It’s time for a little retrospective. The site has been live since approximately 10:30PM EST Sunday night.
We just passed 340 registered users. The site has had 112,021 hits in less than 6 days.
We have added a RSS feed, moved the regional threads so that the West is on the left, added links at the bottom of diaries so you can pop back up to the top of the thread or the top of the diary.
Plus a few other things. There is a suggestion box diary. Please use your brains to come up with ideas to make the site even better.
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Since November 2002 I’ve participated in over 200 protests and vigils for peace and against dubya’s war. 231 to be exact – and the number of participants has ranged from 1 to over 2000.
I last held a vigil on our campus in April almost a year ago. I last participated in one of the regular Kansas City protests this past June. We stopped doing so in the period after that because we all had work to do toward November 2, 2004.
It’s been almost two years since the start of the war. Tomorrow is the anniversary of “Shock and Awe”. Not a very auspicious occasion. Not with 1521 American dead and more than 11285 American wounded (as of today). This anniversary weighs heavily on those of us who spoke out against this war. I wonder if it weighs as heavily on those who implemented it.
As the anniversary approached my good colleague asked me if I would participate in a vigil at our old spot in front of the First Amendment plaque next to the flag pole on the Quad. This, for both of us, for the first time in almost a year. I replied that I would not organize it (we have to notify our campus police of “public speech activities” 24 hours in advance), but I would attend – the thought of starting in again conjured up the memories of the last two years.
I had received word from another colleague that a student organized peace group was going to stage a peace rally in front of the Student Union on campus from 11:00 a.m. to 1:00 p.m. today. I decided to attend. My colleague later called me to say that instead of standing vigil on the Quad he would attend this student run event.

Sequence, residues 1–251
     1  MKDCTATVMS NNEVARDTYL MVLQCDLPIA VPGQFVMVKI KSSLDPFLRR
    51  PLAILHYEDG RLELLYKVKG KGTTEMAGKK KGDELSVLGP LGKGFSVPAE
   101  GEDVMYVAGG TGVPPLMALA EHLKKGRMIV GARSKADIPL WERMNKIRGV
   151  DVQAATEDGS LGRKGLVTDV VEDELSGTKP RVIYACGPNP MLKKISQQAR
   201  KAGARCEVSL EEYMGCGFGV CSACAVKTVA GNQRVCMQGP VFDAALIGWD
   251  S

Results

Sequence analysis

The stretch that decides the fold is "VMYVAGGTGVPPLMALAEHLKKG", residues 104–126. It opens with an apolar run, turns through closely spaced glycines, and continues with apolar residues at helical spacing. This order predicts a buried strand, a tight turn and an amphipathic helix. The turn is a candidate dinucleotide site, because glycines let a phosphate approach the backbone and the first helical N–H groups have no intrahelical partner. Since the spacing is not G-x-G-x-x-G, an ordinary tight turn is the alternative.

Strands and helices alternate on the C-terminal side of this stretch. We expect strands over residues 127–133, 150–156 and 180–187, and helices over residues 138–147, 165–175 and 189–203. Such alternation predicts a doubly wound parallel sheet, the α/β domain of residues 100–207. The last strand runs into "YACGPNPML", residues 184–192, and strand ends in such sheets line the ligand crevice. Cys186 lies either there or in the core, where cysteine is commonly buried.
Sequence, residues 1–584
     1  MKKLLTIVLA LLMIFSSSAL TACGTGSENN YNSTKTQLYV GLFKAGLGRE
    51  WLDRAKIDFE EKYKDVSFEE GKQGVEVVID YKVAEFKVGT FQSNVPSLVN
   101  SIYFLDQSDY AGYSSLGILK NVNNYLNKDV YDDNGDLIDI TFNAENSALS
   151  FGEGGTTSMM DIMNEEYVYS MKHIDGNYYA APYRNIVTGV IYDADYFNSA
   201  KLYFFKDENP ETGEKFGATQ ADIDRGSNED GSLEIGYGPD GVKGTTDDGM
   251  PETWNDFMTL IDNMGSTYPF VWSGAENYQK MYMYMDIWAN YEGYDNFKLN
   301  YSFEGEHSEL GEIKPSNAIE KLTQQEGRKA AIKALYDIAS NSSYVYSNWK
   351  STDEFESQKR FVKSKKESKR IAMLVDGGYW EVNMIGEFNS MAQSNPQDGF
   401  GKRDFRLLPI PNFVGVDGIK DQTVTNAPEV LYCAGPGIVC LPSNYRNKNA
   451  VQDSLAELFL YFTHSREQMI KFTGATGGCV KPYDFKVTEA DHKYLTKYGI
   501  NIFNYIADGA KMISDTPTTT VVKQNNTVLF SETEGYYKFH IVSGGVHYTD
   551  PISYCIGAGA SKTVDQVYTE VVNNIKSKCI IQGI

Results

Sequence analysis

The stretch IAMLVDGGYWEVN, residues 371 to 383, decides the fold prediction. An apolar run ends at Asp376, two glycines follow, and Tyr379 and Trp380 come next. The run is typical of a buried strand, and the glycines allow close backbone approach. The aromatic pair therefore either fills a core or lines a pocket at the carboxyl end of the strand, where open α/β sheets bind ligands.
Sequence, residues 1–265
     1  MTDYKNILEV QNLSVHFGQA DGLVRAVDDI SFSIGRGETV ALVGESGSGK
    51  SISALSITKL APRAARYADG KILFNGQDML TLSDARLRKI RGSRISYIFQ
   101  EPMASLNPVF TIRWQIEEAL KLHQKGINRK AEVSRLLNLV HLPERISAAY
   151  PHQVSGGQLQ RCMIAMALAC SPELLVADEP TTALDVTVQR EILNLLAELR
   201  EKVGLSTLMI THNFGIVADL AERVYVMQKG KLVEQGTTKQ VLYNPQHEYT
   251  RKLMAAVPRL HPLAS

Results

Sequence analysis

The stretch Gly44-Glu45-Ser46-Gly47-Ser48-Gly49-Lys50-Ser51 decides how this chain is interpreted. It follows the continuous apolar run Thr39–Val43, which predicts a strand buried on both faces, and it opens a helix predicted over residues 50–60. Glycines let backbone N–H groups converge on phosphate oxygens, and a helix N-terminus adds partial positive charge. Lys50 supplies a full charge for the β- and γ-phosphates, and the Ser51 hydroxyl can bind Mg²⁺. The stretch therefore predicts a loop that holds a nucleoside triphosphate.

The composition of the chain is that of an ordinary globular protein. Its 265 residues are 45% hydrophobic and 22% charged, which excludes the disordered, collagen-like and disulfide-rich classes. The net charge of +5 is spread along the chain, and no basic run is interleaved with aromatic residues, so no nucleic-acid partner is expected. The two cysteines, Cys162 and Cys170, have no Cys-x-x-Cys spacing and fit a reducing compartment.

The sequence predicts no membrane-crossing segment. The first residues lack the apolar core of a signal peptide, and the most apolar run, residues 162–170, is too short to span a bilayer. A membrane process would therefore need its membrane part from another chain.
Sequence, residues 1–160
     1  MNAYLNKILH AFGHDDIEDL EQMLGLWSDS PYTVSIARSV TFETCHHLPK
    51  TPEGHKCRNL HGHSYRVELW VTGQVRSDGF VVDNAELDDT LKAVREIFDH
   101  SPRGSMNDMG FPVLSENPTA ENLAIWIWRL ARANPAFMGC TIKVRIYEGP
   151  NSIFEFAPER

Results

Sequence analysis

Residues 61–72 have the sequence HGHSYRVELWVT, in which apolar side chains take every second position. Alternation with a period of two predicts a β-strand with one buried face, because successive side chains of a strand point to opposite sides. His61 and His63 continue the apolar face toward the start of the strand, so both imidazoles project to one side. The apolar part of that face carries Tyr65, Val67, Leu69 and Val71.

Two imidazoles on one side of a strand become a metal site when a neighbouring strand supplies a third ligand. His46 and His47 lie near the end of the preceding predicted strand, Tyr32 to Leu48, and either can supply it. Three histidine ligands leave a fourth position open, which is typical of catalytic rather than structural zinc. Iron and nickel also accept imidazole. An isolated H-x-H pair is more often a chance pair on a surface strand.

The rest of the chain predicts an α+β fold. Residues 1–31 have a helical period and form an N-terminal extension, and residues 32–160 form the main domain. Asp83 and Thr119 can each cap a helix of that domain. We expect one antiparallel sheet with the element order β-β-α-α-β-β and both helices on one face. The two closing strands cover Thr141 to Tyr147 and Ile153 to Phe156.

It was breezy and cool today, though the sun was out. I arrived a few minutes before the start of the event and met one of the organizers – a student who also happened to be an Orthodox priest. The students distributed flyers and black ribbons with pins to passersby and participants. I affixed one to my sweater.
It was a quiet event, fitting for the anniversary it marked. The war crowd didn’t seem to be around or aware. Several speakers addressed a small crowd of the interested, the curious, and passersby that didn’t exceed twenty in number at any one time. This is a triumph of sorts on our campus. And, it is a good sign that students organized this event.
On Sunday we will attend the commemoration at the J.C. Nichols fountain in the park at 47th and Main in Kansas City. It’s the least we can do.
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Cross-posted at Daily Kos. Also: I have excised the section on Goss and Latin America, and will cover that in a separate diary.
Update [2005-3-18 13:43:51 by susanhbu]: At the end of the diary, learn about the victims’ actions as well as additional suspicions about this case.
Today’s BBC reports:
Prosecutors in the Netherlands have formally charged a Dutch businessman with complicity in genocide for selling chemicals to Iraq’s former regime.
Frans van Anraat, 62, is accused of selling US and Japanese chemicals which were used to produce poison gas … said to have been used to kill more than 5,000 in a 1988 attack on the Kurdish Iraqi town of Halabja.
It’s ironic, isn’t it, that the Dutch find it possible to charge one of their own with a war crime for selling chemicals made in the U.S. while U.S. politicians and executives get promoted for their war crimes.
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For Baba Durag and anyone else.
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AT TIMES I feel really worried about the growing theocracy movement and what that means, particularly for the groups they have targetted for demonization. I wrote this diary in November and am cross-posting it to remind myself and any others that there are signs of hope too in the darkness.
God bless gay-bashing Rev. Fred Phelps. Why? Because his hatred and bigotry against gays has united a very conservative church and community in Oklahoma to rally around a 17-year-old gay man, Michael Shackelford.
The story here at the Washington Post should give us all hope that American progressive values of tolerance and “Love thy neighbor,” shared by Christians and atheists alike, are alive and well even in the red-state heartland.
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[promoted to the Front Page by BooMan]
Doesn’t everyone? I look around and I find a real lack of leadership, a lack of empathy in my part of the world. My parent’s generation was inundated with messages that the “big one” was coming, made to line up with textbooks on their heads in the halls of their schools to prepare for the inevitable atom bomb attack by the Russians. Their fear was devastation brought on by nuclear war. My fear is apathy.
How do I teach my children to be kind to their neighbors? They are subjected to an ongoing onslaught of violence. Cartoons aren’t safe, nor are fairy tales–full of death and deprivation, anger and humiliation. We’ve scaled back what the kids watch–my three year old was running through the house trying to hit the five year old in the head with a bat–courtesy of Tom and Jerry. Were we warped by such as children? Are the old stand-bys truly so unsafe?
more on the flip:
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